Tuesday, December 14, 2010

sources on St. Peter

Peter the Aleut is perhaps the most obscure Orthodox saint associated with North America. Very little is known about him, except the account of his martyrdom. And even that is a bit fuzzy, having originated with the testimony of one eyewitness, and recorded in a handful of written reports.

Unfortunately, the transcript of the 1819 eyewitness testimony does not appear to have made it into English yet. It is supposed to have been published in the first volume of the Russian collection Russia in California (ed. by J. Gibson, A. Istomin, V. Tishkov; 2005), with a planned English translation to follow. But I can't find any indication that the English translation has appeared, and since I don't read Russian, it wouldn't do me any good to track down a copy of the original.

A copy of his testimony is said to have been included with the earliest formal report, sent back to St. Petersburg in 1820 by Simeon Ivanovich Yanovsky, chief manager of the Russian Colonies from 1818 to 1820. It would appear that the written testimony was in fact included, since the administrator of the Russian American Company sent a much longer account to Tsar Alexander I later that year. Yanovsky, who eventually became a monk, wrote 45 years later in a letter to Igumen Damascene of Valaam Monastery about his relating the event to St. Herman. It is this last account that is usually repeated in lives of St. Peter.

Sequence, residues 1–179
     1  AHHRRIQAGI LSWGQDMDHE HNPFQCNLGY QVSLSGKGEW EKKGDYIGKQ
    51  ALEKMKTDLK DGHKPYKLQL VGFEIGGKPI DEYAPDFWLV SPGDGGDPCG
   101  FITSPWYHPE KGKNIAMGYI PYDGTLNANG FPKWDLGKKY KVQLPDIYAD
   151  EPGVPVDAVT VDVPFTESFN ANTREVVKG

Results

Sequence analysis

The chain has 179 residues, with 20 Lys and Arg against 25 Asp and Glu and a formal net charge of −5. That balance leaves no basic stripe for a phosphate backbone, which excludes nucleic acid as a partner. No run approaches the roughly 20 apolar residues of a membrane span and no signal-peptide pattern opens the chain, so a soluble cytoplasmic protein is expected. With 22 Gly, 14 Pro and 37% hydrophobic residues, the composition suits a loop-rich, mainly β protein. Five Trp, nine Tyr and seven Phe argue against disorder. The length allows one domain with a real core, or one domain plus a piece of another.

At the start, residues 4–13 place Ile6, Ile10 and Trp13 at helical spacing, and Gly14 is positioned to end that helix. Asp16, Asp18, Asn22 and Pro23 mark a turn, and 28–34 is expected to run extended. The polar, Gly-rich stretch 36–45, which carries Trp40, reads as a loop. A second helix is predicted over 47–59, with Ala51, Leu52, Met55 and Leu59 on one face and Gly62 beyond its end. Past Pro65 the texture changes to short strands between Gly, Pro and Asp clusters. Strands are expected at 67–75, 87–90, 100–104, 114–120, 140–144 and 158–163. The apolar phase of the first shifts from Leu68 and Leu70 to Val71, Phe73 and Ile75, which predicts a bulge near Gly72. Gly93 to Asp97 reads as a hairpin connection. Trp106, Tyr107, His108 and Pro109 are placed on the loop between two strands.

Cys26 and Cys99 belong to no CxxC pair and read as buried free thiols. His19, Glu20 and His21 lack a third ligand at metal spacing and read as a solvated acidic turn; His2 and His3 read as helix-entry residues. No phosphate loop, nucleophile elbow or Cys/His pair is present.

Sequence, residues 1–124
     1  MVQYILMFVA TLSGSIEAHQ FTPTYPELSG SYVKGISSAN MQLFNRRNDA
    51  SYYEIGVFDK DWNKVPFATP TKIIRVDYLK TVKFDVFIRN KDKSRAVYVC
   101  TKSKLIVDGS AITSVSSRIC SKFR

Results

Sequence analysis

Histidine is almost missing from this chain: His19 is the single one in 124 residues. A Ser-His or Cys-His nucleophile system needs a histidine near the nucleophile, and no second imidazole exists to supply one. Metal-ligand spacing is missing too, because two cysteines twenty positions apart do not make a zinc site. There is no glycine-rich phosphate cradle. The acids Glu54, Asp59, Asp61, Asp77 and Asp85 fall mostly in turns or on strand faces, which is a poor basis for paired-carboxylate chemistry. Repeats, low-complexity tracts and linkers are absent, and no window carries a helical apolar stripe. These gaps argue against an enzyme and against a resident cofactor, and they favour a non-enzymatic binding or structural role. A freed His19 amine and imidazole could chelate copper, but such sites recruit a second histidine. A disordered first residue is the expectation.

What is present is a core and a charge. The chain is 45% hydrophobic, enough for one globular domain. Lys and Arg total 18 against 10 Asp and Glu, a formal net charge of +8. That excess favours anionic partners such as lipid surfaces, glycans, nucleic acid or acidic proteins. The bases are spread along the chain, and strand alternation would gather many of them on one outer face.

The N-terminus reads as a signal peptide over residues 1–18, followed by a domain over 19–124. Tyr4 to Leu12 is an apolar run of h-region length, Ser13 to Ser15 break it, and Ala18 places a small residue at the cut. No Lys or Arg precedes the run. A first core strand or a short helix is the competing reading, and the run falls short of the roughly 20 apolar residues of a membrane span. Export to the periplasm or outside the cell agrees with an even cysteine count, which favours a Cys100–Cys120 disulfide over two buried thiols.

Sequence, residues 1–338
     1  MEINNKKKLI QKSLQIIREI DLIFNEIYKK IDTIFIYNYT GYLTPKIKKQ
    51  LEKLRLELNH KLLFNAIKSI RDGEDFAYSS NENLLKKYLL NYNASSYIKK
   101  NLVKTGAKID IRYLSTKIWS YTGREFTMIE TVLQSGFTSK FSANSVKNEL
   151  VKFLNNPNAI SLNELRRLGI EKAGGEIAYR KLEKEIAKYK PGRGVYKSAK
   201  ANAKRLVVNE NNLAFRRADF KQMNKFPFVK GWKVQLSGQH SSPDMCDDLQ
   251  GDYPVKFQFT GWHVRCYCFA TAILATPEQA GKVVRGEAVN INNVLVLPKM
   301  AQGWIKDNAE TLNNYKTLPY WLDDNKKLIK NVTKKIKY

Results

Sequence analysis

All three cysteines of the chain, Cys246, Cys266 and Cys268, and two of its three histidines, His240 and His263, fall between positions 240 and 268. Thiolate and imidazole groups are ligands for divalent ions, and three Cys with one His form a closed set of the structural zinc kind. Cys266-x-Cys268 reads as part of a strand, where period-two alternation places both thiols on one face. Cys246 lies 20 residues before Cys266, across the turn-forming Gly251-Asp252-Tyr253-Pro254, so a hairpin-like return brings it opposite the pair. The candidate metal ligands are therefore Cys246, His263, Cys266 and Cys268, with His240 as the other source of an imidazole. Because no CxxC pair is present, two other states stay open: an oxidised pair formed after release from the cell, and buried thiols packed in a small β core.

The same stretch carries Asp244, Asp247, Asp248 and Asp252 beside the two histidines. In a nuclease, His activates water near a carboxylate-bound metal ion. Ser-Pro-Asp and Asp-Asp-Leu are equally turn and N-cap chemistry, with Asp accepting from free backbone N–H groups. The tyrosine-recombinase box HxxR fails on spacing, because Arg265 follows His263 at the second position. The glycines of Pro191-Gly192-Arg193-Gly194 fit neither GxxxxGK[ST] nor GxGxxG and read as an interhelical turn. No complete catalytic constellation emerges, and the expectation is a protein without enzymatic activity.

Yanovsky's 1865 letter is a logical choice for this purpose, not only because it feels more hagiographical than the other accounts, but also because it cites St. Herman himself acknowledging Peter's sainthood. From a historical standpoint, this endorsement may not mean much, but his reaction of simple faith can serve as an example for the rest of us.

Both of Yanovsky's letters are reproduced in The Russian Orthodox Religious Mission in America, 1794-1837. His superior's longer report was published a decade later, in The Russian-American Colonies, To Siberia and Russian America: Three Centuries of Russian Eastward Expansion. All three are quoted in an article by Raymond A. Bucko, S.J., which is helpfully available online, though quite negatively slanted.

A special problem with Peter's martyrdom is identifying the actual location. Both of the 1820 reports indicate that the hunting party was taken captive somewhere on the Bay of San Pedro in 1815, and the eyewitness returned and gave his testimony in 1819. There is no evidence of a mission at San Pedro, so they may have been taken 30 miles north to San Gabriel. From here we're told that most of the party was taken 100 miles west to Santa Barbara, but that only two were placed in prison. It is unclear whether this means they were left imprisoned at the original mission, or were taken on to Santa Barbara with the others and imprisoned there. The former scenario seems more likely, since we're told the eyewitness was taken to Santa Barbara after Peter's death.

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